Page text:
I haven't written much over the past few weeks because I just don't have a lot to say, and one of my rules for this blog is that I'm not allowed to make up stuff. The waiting for results has been grueling. Given our reality, I think we've been okay, but it's taken all my emotional energy. There's nothing left for this space.
Chris is recovering well from surgery. PT is a full time job, and he's doing it faithfully and making a lot of progress. He moved from the walker to crutches last week. He's been able to go out to eat and to the movies. His beard has grown back. I'm emotionally attached to it. It makes me feel like all is well in the world.
The pathology results are ready. We have an appointment with the oncologist this afternoon. This is the part where we find out what to expect over the next few years... sort of. He'll start chemo again next week. So, the next emotional battle begins this afternoon and the physical battle next week.
There's a big Houston storm brewing outside with torrential rain, high winds and hail. When I saw the overcast sky this morning, I thought, "Perfect. The sun would be obnoxious today." Then we started driving home from PT in the downpour. You should know that Chris has, err, doubts about my driving abilities. In normal life circumstances, I rarely drive us and never in his car. His car is more comfortable for him to ride in with the bum leg than mine. This means we've spent the last few weeks with... new marital conflict.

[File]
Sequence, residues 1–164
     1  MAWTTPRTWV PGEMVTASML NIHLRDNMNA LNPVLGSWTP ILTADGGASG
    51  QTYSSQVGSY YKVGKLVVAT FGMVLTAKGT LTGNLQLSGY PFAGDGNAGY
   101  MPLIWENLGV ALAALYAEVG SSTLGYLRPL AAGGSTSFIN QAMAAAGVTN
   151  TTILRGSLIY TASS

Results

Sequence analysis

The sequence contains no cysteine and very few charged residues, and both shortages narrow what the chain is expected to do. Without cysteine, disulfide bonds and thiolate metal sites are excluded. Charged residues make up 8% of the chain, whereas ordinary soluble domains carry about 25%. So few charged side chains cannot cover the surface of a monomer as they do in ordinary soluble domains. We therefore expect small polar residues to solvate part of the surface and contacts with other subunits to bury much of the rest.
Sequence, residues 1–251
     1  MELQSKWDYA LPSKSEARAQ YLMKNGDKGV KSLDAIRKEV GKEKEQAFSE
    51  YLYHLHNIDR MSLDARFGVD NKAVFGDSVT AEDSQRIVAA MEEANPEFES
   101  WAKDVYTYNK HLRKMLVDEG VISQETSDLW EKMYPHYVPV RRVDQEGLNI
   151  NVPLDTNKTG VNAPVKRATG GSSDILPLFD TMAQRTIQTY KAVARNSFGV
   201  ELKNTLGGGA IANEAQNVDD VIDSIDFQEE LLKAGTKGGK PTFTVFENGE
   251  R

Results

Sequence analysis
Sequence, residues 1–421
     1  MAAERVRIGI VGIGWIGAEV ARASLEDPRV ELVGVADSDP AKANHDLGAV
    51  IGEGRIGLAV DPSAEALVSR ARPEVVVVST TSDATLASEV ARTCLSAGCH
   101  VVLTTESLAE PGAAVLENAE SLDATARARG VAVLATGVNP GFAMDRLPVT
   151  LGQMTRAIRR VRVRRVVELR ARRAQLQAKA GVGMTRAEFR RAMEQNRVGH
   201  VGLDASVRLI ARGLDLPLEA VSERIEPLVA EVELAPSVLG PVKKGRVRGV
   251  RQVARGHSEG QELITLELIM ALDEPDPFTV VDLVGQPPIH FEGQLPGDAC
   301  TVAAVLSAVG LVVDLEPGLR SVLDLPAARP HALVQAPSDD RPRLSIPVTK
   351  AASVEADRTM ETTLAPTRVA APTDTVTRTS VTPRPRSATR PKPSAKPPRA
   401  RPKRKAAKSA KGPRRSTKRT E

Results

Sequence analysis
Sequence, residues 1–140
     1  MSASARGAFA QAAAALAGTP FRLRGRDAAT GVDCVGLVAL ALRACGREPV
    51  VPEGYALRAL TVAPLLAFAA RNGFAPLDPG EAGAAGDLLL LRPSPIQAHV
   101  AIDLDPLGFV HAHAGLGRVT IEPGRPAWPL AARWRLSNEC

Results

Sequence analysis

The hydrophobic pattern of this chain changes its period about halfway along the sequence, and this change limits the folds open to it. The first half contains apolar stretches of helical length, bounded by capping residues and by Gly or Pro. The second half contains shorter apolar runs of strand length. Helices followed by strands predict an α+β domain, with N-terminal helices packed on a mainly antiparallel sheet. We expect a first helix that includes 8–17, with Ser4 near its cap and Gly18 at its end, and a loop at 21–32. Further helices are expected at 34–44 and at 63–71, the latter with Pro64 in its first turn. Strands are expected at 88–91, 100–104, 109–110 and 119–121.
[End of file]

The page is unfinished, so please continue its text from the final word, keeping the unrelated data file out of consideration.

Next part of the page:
Chris: You don't need to talk right now. Just focus on staying in your lane.
Summer: (more sarcasm and inappropriate humor than emotional sorrow and angst) I'm not like you. It helps me to talk. Plus I don't care about staying in my lane. I just care about being loved and adored... Oh my gosh. This is actually my nightmare scenario. I'm driving you in your car in a terrible storm on a day when we're going to find out how likely it is that you'll survive the next few years. This is like a horror film.
Chris: (matter of fact) It's a good scene for your book.
So, when I drive Chris in his car on a normal sunshiny day, he can't resist instructing me about squaring off my turns. (Side note: I can't fully express how much I don't care about squaring off turns. I think Chris and my dad are the only two human beings in the world who invest any emotional energy in them.). He gasps and grits his teeth. It's obnoxious. But in truly dangerous driving conditions, he knew I couldn't handle his driving rules, as reasonable as he thinks they are. He started singing me songs from Moulin Rouge. Because he's awesome.